Kengyo Yatsuhashi, a master of koto music who lived in the 17th century (early Edo period), created a number of excellent compositions, including Rokudan-no-Shirabe, and has been admired as the father of koto music of the early modern period.
After his death, he was interred in Jokoin (commonly called “Yatsuhashi-dera,” established in Konkai-komyoji temple) located in the Kurodani district in Kyoto. His grave is visited by many people. In 1689, four years after his death, the koto-shaped dry confectionery yatsuhashi, named in commemoration of the koto master, was first sold in the Shogoin district located on the approach to the temple.
Since then, over 330 years have passed.
After many years, Shogoin-Yatsuhashi is still beloved by the people of today.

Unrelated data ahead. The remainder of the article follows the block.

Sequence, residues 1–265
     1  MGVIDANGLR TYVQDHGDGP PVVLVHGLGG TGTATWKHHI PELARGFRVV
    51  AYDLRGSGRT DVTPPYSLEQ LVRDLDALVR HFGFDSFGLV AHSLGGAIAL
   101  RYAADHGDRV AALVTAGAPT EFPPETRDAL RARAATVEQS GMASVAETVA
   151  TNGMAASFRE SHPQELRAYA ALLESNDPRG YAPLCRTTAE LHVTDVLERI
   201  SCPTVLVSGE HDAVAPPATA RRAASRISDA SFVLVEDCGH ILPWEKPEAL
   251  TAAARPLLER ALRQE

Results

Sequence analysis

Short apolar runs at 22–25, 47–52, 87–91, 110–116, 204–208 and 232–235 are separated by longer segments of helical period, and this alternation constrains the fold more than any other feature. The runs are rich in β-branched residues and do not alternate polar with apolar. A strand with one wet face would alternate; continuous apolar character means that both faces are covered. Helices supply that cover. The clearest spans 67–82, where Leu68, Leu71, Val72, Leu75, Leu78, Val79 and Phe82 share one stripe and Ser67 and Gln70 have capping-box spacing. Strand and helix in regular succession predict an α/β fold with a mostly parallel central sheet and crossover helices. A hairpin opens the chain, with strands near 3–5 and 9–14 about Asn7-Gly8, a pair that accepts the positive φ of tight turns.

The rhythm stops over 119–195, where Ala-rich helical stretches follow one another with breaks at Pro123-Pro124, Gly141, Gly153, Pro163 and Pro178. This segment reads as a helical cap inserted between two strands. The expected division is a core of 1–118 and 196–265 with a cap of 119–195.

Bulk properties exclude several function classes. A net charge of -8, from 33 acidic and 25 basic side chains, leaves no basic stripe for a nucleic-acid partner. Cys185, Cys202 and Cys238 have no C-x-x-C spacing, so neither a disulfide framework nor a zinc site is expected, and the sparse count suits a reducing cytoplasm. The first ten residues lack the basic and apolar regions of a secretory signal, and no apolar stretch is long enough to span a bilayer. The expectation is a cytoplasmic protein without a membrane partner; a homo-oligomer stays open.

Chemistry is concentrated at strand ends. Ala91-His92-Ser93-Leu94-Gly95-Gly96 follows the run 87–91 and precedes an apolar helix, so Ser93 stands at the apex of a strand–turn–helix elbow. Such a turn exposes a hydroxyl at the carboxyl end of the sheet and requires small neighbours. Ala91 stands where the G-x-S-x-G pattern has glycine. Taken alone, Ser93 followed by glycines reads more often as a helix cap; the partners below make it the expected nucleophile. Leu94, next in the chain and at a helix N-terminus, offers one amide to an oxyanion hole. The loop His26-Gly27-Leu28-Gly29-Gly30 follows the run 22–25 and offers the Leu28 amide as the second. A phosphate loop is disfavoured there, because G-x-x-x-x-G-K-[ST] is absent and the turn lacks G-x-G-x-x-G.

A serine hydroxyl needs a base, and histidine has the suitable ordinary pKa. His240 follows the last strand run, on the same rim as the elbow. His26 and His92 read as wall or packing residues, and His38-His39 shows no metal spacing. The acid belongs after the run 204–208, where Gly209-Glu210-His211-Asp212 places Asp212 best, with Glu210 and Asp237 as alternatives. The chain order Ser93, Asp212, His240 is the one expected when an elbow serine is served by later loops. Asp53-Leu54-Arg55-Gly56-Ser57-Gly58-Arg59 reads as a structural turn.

Meanwhile, Hijiri, an unbaked yatsuhashi filled with tsubu-an (whole azuki beans),originated from Mikimochi, sweets served at a tea ceremony held at Ichiriki, a historic teahouse in the Gion district in Kyoto, on the day before the Gion Festival in 1960. The ceremony was hosted by Grand Master Sokuchusai of Omotesenke, a school of the Japanese tea ceremony.
The bean-jam filled unbaked yatsuhashi Hijiri continues to delight many people, adding to the popularity of yatsuhashi sweets.
These two sweets seem to be totally different; however, the definition of Yatsuhashi is the same.“Sweets made from rice flour, sugar, and cinnamon.”
Our company’s corporate philosophy is “Taste is Tradition”.
The reason why Yatsuhashi have existed for over 300 years is very simple. We have produced tasty sweets, so that our customers love Yatsuhashi and believe in our company.